The internationally renowned Kronos Quartet closes the 2014-15 Lawrence University Artist Series with a performance Friday, May 15 at 8 p.m. in the Lawrence Memorial Chapel.

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Kronos Quartet — violinist John Sherba, cellist Sunny Yang, violist Hank Dutt and violinist David Harrington — close the 2014-15 Lawrence Artist Series Friday May 15.

Tickets, at $25/30 for adults, $20/25 for seniors and $18/20 for students, are available through the Lawrence Box Office, 920-832-6749.

Since their founding in 1973, the Kronos Quartet – violinists David Harrington and John Sherba, violist Hank Dutt and cellist Sunny Yang — has become one of the most celebrated ensembles in classical music. Known for their dedication to fostering relationships with both young and established composers, the quartet has commissioned more than 800 pieces of music during its 41-year history – nearly one every two weeks.

“Certainly, many fine ensembles have worked to commission new works, collaborate with composers, artists and literary figures, reach new audiences and make connections with ethnic and folk traditions. However, no ensemble of any kind has consistently done all of these things with the pioneering spirit and artistic vision of the Kronos Quartet,” said Associate Professor of Music Matthew Michelic, who knew and performed with Sherba when they were both undergraduates at the University of Wisconsin-Milwaukee.

“One can easily argue that on the international scene, the Kronos Quartet has been the most influential chamber music ensemble of the last 40 years,” Michelic added.

Harrington was inspired to form the group after hearing a radio broadcast of “Black Angels,” an urgent, unorthodox musical response to the Vietnam War by the American composer George Crumb. Since then, the group has commissioned and premiered works by many of the most important contemporary composers, including John Adams, Steve Reich and Phillip Glass.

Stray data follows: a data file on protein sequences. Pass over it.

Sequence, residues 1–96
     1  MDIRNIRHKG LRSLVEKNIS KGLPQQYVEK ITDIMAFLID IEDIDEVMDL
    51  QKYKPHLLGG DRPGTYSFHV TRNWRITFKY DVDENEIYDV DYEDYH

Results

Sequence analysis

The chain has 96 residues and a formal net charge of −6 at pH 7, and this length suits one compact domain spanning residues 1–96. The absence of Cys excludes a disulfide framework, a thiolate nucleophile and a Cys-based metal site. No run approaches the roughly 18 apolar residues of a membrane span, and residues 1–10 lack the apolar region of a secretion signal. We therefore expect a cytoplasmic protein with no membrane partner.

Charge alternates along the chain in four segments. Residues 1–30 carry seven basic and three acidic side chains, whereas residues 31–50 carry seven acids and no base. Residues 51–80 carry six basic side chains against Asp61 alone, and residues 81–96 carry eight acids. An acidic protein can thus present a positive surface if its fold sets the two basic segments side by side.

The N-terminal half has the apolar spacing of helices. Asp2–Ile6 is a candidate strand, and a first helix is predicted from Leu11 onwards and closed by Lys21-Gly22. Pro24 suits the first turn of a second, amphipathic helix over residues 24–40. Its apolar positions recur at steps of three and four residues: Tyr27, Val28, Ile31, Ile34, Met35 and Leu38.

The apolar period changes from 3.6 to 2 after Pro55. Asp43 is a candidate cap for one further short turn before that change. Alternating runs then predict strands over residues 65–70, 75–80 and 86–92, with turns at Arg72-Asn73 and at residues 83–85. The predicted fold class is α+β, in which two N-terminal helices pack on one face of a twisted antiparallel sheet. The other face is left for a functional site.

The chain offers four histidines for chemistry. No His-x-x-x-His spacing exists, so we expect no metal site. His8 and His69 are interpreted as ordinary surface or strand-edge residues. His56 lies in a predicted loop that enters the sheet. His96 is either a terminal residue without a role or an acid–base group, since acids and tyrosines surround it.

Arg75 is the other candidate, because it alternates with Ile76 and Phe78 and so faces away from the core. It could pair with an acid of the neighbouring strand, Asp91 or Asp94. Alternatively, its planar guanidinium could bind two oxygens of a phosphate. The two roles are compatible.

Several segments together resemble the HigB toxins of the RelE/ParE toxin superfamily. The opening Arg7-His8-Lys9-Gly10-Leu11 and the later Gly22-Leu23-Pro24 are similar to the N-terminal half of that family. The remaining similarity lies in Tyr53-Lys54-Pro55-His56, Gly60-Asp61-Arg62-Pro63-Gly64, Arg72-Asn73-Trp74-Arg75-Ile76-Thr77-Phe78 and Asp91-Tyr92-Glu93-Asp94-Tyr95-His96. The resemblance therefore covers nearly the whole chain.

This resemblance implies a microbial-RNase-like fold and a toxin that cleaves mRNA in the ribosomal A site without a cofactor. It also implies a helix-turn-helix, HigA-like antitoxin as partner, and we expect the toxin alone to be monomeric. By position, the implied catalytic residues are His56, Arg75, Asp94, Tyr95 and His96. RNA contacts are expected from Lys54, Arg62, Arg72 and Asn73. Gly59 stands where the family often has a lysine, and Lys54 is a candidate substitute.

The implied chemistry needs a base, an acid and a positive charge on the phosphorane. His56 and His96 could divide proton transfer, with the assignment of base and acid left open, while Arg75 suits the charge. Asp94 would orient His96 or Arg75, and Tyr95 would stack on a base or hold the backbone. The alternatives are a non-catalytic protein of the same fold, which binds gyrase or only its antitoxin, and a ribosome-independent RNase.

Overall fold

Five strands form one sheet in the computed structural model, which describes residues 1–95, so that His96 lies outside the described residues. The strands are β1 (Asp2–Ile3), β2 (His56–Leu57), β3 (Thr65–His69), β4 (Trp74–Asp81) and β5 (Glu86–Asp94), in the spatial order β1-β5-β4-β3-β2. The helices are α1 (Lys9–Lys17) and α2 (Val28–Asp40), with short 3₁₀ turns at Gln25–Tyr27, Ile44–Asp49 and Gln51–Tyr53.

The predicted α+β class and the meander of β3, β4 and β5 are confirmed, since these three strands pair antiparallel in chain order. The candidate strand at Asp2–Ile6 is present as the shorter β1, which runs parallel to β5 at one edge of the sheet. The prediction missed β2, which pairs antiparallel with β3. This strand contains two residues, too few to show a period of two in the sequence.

“One can easily argue that on the international scene, the Kronos Quartet has been the most influential chamber music ensemble of the last 40 years.”
— Matthew Michelic

Composer Terry Riley, one of the fathers of minimalism, has been an especially frequent collaborator, having written 27 pieces for the quartet. Riley cites his relationship with Kronos as a major influence on his work.

“By sitting down and actually writing the music I’d been improvising, I started to see new possibilities in the music itself, especially viewed through the lens of a string quartet,” Riley said.

Kronos’ concert program will include selections from one of the pieces Riley wrote for the group, “Salome Dances for Peace.”

Dedicated to fostering young composers, Kronos’ “Under 30 Project” commissions work every year from composers who have yet to turn 30 years old. The 2015-16 season will be the first year of their new “50 for the Future” initiative, which will commission 50 works – 10 per year for the next five years — devoted to contemporary approaches to the quartet and designed expressly for the training of students and emerging professionals.

Kronos’ singular focus on new music has led the New York Times to credit the group with “reinventing the string quartet as a vehicle of limitless stylistic breadth.”

In addition to touring extensively, the quartet has released more than 50 recordings. Their extensive list of honors and awards includes the 2011 Polar Music Prize, the 2011 Avery Fisher Prize, a 2004 Grammy for Best Chamber Music Performance and Musical America’s 2003 “Musicians of the Year” designation.

About Lawrence University
Founded in 1847, Lawrence University uniquely integrates a college of liberal arts and sciences with a nationally recognized conservatory of music, both devoted exclusively to undergraduate education. It was selected for inclusion in the Fiske Guide to Colleges 2015 and the book “Colleges That Change Lives: 40 Schools That Will Change the Way You Think About College.” Engaged learning, the development of multiple interests and community outreach are central to the Lawrence experience. Lawrence draws its 1,500 students from nearly every state and more than 50 countries.